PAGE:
In instances where there are multiple performance obligations in a single contract, we allocate the consideration to the various obligations in the contract based on the relative standalone selling price method. Standalone selling prices are estimated based on estimated costs plus margin or by using market data for comparable products. Costs incurred on the sale of residential installations before the solar energy systems are completed are included as work in process within inventory in the consolidated balance sheets. Any fees that are paid or payable by us to a solar loan lender would be recognized as an offset against revenue. Costs to obtain a contract relate mainly to commissions paid to our sales personnel related to the sale of solar energy systems and energy storage systems. As our contract costs related to solar energy system and energy storage system sales are typically fulfilled within one year, the costs to obtain a contract are expensed as incurred.

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As part of our solar energy system and energy storage system contracts, we may provide the customer with performance guarantees that warrant that the underlying system will meet or exceed the minimum energy generation or energy performance requirements specified in the contract. In certain instances, we may receive a bonus payment if the system performs above a specified level. Conversely, if a solar energy system or energy storage system does not meet the performance guarantee requirements, we may be required to pay liquidated damages. Other forms of variable consideration related to our large commercial and utility grade solar energy system and energy storage system contracts include variable customer payments that will be made based on our energy market participation activities. Such guarantees and variable customer payments represent a form of variable consideration and are estimated at contract inception at their most likely amount and updated at the end of each reporting period as additional performance data becomes available. Such estimates are included in the transaction price only to the extent that it is probable a significant reversal of revenue will not occur.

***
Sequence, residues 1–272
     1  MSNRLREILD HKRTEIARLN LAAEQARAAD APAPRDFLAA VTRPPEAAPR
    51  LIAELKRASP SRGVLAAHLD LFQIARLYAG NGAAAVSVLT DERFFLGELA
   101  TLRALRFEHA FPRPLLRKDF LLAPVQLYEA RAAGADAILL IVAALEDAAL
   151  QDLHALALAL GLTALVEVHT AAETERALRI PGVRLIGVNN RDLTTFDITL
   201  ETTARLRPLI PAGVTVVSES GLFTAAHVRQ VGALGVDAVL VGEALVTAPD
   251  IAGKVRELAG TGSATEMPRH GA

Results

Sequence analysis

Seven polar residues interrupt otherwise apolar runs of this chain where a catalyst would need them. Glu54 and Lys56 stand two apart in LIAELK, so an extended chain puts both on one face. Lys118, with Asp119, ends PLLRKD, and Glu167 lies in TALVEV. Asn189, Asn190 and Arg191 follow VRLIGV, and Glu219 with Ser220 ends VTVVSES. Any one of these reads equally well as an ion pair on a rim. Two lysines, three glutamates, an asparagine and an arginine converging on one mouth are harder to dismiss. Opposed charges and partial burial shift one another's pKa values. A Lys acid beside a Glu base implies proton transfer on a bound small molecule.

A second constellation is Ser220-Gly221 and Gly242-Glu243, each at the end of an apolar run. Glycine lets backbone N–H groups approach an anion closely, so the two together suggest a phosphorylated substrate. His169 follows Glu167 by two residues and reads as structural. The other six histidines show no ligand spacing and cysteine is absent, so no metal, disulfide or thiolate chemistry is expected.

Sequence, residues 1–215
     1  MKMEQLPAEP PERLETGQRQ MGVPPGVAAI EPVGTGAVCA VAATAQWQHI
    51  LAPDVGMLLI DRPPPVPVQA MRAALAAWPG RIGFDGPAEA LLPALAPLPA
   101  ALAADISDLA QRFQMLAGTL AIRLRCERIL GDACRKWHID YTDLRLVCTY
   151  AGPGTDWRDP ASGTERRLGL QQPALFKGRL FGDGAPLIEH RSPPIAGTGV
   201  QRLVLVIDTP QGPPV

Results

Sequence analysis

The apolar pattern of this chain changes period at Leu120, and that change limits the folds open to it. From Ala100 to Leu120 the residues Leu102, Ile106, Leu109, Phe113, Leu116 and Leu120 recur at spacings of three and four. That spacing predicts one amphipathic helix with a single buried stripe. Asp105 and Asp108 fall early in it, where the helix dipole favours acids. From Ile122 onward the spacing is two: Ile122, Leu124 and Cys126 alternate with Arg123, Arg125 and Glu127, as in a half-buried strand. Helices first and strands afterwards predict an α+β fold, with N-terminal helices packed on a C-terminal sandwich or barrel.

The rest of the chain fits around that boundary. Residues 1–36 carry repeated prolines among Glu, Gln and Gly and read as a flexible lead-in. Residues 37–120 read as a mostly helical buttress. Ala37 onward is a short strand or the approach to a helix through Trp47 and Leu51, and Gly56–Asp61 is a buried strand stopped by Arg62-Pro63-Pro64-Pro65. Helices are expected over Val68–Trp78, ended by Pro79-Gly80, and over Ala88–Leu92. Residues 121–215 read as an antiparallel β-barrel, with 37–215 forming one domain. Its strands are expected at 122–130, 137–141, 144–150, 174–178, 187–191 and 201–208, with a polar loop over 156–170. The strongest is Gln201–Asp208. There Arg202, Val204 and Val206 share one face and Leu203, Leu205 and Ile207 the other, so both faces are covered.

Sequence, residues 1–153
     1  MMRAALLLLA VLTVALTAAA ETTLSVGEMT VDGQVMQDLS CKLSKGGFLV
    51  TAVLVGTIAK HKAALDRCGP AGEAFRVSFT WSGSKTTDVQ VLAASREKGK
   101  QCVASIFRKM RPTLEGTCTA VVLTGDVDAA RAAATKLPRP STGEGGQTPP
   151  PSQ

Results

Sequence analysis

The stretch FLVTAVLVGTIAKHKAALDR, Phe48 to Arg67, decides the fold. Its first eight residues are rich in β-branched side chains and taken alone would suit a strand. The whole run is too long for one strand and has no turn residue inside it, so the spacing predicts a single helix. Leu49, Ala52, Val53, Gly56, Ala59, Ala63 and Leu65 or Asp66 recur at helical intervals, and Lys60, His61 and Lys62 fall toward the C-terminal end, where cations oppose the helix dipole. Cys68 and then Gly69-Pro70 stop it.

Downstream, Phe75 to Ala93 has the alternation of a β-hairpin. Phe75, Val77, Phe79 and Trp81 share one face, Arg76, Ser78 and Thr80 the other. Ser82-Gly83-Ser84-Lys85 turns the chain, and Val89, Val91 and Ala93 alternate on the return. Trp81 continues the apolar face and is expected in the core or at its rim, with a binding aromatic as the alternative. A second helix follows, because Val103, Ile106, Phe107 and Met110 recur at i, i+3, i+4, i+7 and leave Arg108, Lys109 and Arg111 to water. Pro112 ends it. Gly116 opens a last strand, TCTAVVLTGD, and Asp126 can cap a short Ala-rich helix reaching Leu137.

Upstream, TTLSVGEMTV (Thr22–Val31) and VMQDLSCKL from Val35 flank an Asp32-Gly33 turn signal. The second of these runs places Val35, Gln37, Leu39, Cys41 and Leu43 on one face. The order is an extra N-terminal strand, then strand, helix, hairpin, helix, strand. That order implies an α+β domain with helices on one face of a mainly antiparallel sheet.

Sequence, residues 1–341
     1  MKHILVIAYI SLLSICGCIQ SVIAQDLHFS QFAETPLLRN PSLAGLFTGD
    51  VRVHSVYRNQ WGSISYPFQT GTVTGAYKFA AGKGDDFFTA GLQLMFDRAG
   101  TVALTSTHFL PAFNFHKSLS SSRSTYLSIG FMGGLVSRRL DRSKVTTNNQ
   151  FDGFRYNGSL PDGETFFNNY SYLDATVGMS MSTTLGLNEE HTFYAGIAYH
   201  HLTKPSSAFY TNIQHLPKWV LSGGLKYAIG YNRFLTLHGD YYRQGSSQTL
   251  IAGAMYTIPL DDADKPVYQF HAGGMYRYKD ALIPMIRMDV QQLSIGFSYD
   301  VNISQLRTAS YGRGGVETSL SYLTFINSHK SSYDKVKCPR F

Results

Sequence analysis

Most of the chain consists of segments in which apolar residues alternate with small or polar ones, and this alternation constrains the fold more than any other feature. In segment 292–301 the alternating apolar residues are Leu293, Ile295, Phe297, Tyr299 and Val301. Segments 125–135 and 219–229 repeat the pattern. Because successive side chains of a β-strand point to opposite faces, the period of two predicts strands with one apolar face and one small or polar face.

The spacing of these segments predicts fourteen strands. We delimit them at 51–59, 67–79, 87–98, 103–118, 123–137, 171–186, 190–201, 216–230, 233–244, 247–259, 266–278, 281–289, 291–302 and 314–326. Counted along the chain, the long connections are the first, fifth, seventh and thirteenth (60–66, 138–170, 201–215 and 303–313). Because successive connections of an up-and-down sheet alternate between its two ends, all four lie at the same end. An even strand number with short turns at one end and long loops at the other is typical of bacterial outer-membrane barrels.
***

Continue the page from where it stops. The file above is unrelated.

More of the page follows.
We record as deferred revenue any non-refundable amounts that are collected from customers related to fees charged for prepayments and remote monitoring service and operations and maintenance service, which is recognized as revenue ratably over the respective customer contract term. 

Energy Generation and Storage Leasing

For revenue arrangements where we are the lessor under operating lease agreements for energy generation and storage products, we record lease revenue from minimum lease payments, including upfront rebates and incentives earned from such systems, on a straight-line basis over the life of the lease term, assuming all other revenue recognition criteria have been met. The difference between the payments received and the revenue recognized is recorded as deferred revenue or deferred asset on the consolidated balance sheet.

For solar energy systems where customers purchase electricity from us under PPAs prior to January 1, 2019, we have determined that these agreements should be accounted for as operating leases pursuant to ASC 840. Revenue is recognized based on the amount of electricity delivered at rates specified under the contracts, assuming all other revenue recognition criteria are met.